It is worth noting that most of these resources do not appear in the management UIs. This is deliberate: the
smb resource classes are symbiotes; that is, they always have the same resource identifier and ownership as their respective masters but have distinct locations in the dependency chain and distinct actions required for import or export. This allows us finer-grained dependency control and makes the implementation simpler and more modular by separating subsystems from one another. This becomes very important when discussing takeover and failback performance: the symbiote resources must be exported and/or imported, and these operations take time.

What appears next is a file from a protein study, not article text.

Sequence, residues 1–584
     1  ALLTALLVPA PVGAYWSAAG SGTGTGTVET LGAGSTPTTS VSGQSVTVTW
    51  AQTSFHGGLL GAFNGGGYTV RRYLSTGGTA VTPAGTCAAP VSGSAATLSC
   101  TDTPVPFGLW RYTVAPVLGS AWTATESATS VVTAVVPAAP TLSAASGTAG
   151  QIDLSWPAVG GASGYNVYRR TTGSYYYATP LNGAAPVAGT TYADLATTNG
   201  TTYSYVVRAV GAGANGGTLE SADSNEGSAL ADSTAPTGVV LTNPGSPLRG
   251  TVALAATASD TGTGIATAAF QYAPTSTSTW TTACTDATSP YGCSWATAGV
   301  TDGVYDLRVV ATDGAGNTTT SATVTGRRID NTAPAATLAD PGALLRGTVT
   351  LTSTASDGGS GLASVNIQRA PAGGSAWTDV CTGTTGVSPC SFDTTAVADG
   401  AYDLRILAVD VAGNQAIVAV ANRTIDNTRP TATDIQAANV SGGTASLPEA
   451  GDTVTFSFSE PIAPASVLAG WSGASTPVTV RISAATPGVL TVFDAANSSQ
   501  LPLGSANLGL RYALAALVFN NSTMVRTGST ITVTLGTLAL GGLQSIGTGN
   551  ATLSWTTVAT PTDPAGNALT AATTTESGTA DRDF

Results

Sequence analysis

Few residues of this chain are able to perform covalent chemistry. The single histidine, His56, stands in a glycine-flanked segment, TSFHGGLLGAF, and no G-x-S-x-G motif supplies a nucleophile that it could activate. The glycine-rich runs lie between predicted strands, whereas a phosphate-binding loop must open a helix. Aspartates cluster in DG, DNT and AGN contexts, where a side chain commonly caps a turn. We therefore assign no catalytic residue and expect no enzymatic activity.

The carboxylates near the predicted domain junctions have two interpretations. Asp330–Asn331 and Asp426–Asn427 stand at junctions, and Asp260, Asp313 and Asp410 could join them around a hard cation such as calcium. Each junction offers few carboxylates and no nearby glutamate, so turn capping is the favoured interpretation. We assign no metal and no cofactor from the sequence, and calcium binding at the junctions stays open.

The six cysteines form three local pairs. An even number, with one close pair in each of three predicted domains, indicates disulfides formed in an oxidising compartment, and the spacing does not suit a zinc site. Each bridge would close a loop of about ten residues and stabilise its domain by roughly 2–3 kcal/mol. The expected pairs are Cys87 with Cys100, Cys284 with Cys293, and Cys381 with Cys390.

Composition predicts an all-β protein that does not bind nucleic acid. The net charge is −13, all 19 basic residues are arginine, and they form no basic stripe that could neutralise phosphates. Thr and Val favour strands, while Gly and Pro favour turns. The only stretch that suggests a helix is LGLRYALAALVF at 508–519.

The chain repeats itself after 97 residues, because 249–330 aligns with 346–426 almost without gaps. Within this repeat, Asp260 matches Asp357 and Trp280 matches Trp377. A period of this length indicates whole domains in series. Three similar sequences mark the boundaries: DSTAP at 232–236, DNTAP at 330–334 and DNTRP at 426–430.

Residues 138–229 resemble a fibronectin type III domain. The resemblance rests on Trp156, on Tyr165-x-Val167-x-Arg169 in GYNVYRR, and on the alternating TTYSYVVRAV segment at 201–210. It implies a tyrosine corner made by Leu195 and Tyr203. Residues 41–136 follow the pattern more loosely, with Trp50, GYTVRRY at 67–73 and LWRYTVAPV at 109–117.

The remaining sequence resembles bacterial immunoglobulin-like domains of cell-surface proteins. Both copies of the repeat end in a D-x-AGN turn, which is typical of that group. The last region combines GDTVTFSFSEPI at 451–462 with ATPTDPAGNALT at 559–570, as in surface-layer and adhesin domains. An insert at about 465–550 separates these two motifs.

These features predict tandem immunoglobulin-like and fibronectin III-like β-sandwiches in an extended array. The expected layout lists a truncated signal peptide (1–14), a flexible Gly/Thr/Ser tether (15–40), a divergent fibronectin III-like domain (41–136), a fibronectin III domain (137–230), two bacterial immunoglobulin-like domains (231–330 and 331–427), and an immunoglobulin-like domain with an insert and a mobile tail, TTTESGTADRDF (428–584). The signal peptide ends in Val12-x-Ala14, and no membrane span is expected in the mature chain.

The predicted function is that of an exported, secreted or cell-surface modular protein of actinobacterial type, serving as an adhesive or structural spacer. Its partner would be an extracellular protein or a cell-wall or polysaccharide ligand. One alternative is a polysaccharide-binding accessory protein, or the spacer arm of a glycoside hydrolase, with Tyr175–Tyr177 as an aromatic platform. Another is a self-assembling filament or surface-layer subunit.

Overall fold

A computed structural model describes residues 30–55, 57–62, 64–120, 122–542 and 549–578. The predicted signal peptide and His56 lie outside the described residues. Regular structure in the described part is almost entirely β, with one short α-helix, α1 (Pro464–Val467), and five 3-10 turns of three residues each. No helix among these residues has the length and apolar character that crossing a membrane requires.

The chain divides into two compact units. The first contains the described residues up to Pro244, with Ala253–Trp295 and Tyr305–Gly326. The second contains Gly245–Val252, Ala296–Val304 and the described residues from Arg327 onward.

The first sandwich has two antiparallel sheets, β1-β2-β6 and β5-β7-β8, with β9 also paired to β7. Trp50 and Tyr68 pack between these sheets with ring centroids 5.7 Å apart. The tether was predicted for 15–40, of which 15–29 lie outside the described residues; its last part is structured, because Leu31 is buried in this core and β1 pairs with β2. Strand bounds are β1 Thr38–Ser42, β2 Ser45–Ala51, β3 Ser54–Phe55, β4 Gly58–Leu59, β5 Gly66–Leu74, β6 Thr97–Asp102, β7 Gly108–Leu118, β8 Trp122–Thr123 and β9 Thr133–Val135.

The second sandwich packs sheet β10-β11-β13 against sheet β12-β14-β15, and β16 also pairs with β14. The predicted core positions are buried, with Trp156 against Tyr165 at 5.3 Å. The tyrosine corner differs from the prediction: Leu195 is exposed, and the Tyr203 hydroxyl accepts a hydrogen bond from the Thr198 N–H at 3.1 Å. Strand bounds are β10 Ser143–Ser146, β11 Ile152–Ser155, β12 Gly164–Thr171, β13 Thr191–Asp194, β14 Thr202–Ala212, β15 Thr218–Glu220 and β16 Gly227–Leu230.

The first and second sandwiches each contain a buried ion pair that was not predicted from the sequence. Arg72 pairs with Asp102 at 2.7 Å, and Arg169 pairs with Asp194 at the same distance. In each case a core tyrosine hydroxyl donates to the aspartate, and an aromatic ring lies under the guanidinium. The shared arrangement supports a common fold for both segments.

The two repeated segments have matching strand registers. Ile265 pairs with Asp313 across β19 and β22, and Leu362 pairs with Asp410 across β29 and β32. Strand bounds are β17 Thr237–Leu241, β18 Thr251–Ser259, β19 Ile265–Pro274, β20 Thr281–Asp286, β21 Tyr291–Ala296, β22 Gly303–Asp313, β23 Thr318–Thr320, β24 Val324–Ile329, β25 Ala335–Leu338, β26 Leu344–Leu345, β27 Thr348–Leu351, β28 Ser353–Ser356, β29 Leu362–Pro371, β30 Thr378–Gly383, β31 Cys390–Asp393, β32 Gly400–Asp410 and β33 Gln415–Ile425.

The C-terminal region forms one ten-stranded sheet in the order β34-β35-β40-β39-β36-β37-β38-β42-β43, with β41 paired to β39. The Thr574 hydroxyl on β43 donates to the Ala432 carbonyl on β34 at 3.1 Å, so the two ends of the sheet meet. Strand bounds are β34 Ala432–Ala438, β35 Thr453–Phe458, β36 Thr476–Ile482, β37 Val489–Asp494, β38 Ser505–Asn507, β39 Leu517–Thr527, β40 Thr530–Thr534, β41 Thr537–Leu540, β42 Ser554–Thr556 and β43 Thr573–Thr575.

When head A fails (let us assume it has been powered off accidentally by our data center personnel), head B will initiate takeover once it detects that no heartbeats have arrived from head A. This timeout period is currently 500ms, and takeover is initiated as soon as the timeout elapses. At the beginning of takeover, an arbitration process is performed that protects user data in the case in which all cluster I/O has failed but both heads are still functioning. This arbitration process consists of attempting to take the zone lock (defined by SAS-2) on each SAS expander present in the storage fabric. These locks are acquired and dropped in a defined order by any head attempting to enter the OWNER state. The locks are held with a fixed timeout period, so that if the holder of the locks does not continually reacquire them they will eventually be dropped. A thread on the OWNER head does this at an interval significantly less than the timeout period. Therefore, if a head attempting to enter the OWNER state fails to acquire the locks, it will wait until the timeout interval expires and try again. If it again fails, it will reboot, allowing its peer (which must still be functioning) to take control of shared resources. This process prevents both heads from attempting to perform simultaneous write access to shared storage, which would destroy or corrupt data. The timeout interval is set to 5 seconds in current products, meaning that this step can take up to 5 seconds to complete plus the time to contact all expanders (typically around 1-2s even in the largest configurations). Since the zone locks are not held when in the CLUSTERED state, this will normally take less than 2 seconds overall. Only in the cases where arbitration is actually necessary - such as when all three cluster I/O links are disconnected between two functioning heads - or when taking over directly from the STRIPPED state can the additional 5 second penalty apply.